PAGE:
An interview with Orsola de Castro, upcycling fashion designer and co-founder of the Fashion Revolution movement, about why we need a change in the fashion industry, the power of the consumer and her visions for the future of fashion.
Orsola de Castro, in late 2013 you started the Fashion Revolution movement together with Carry Somers, one of the pioneers of fair trade fashion. What has happened for you to demand a revolution of the current fashion system?
Over the past 20 years the fashion industry has been totally transformed, sped up dramatically, and that has resulted in very unsustainable and exploitative practices, for both people and planet. The fashion supply chain is broken. The problems are many, and very complex and persist partially because the industry’s lack of transparency. The tragic collapse of Rana Plaza factory complex in Bangladesh on 24 April 2013 where 1,138 people where killed and many more were injured was a symptom of the broken links across the fashion and textile industry. A metaphorical call to arms, it has acted as a catalyst for those of us wanting to see change and demanding that the fashion industry takes a leading role in achieving it.
What do you hope to achieve with Fashion Revolution?
We would like to see a future for the fashion industry where these problems are out in the open and ameliorated. We believe that if we start first by making the industry more transparent, we’ll be more equipped to understand the problems and then able to address the underlying causes. We believe in a fashion industry that values people, the environment, creativity and profit in equal measure.
“Before the internet, wearing a certain brand was your tribe.”
It is estimated that 150 billion items of clothing are delivered out of factories annually worldwide. We aim to become the creative campaigning and reference platform for the fashion and textile industry’s sustainable activities, promoting and supporting best practice throughout, bringing the message straight from the cotton farmer, the mill dyer, the seamstress, the designer, the stylist, the journalist, directly to the consumer; but we also want to operate at policy level and help to demand governmental changes. Fashion Revolution is needed because the brands, even the best of the brands that are working most proactively towards a living wage, cannot change the system alone.
During Fashion Revolution Week , you raise awareness and encourage consumers to ask brands and retailers “Who made my clothes?” via social media. Could asking questions really make a difference?
Definitely. The best example was the huge success of the interactive photo booth in Berlin Alexanderplatz promoting a bargain, “T-Shirts only 2 Euros”. By inserting the coin, a short video was played showing a textile factory where women and children working without a break, being paid only 13 cents per hour for working under life-threatening conditions. At the end of the video an option displays ‘Buy or Donate’. All the people who watched the video were in turn moved and shocked and decided to donate. We filmed everything, posted a video on Youtube and had 7 million views online. In 2016, our third year of campaigning, we reached 129 million people through our campaigns and actions. Most of them via social media like Twitter, Facebook and Instagram. Fashion Revolution was also covered in hundreds of the leading national and international media outlets around the world. To answer your questions, we raised so much awareness in such a short time that I deeply believe the consumers – together with the brands and the politicians – can make a difference.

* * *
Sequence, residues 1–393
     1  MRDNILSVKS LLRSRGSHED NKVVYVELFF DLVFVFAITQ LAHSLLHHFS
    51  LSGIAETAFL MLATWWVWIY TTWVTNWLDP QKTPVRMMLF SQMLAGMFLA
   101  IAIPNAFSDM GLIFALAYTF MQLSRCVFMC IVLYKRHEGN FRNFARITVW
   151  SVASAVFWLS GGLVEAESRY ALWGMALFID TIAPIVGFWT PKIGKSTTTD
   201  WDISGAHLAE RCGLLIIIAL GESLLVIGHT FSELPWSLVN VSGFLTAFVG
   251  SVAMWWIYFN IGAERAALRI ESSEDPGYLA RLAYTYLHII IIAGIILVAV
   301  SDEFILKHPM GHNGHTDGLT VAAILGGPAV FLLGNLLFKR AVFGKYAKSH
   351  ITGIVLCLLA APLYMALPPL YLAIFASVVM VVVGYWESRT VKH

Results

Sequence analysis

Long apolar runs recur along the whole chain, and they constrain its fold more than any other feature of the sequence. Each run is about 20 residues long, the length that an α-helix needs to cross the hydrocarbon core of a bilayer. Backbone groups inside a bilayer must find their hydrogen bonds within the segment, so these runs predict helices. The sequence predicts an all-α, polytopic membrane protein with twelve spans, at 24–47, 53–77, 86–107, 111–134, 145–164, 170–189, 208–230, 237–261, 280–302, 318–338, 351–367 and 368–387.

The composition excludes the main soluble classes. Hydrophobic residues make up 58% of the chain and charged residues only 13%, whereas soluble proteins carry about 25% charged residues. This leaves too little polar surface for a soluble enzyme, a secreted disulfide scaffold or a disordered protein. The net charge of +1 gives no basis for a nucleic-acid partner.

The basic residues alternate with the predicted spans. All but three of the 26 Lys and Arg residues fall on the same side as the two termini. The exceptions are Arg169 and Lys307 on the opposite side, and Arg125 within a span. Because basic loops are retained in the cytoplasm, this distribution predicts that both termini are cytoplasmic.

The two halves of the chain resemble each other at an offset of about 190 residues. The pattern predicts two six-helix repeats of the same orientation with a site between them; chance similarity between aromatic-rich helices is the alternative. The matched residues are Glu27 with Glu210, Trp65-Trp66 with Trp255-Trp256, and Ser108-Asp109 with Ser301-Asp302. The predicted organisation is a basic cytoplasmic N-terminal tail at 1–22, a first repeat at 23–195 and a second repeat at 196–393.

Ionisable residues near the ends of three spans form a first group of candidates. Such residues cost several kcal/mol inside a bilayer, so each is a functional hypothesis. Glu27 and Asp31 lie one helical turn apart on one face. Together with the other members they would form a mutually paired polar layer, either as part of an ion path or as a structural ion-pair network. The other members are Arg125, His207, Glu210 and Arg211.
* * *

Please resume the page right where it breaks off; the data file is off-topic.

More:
What’s the problem of the current fashion system? Do we need a systematic change?
Yes. I think that there has to be a systematical change in the way that we review it. We are at that crossroad. I think that the new aspirational is technology. It’s for so many years we have been sold a dream of aspirations only as consumers. We can’t call a product ‘aspirational’ or ‘democratic’ unless it advances the people who make it as well. I think the people are really beginning to understand. Fashion Revolution I guess was one of the catalysts to underline that attitudes are changing. Before the internet, wearing a certain brand was your tribe. That was your sense of belonging, that was your sense of communicating. This is not needed anymore: because of the huge success of Instagram and Facebook where people communicate with each other, we can express our individualism.
Do you live sustainably in your daily life?
I am a mother of four, so passing on sustainable principles is fundamental for me, in particular we recycle, upcycle, remake, repurpose. It’s a family past-time. I drive as little as possible, I live on buses. I gave up my tumble dryer years ago and I am careful with my family’s water consumption. So yes, I guess I do, as best I can.
What is your vision for the future of fashion?
I believe we will look back to move forward. We will rediscover values that speak of thinking smaller, we will embrace a return to a more localized industry, respect for smaller brands for their creativity and skills. We will demand complete traceability and transparency from the big brands. And we will avoid those that don’t comply. Good will be cool and bad won’t stand a chance. We will find a much needed balance, where growth takes into consideration so many other factors other than money, and the words ‘aspirational’ and ‘democratic’ will be used to describe the entire value chain and not just the end product.
The Fashion Revolution movement is now in over 90 countries, including South Africa: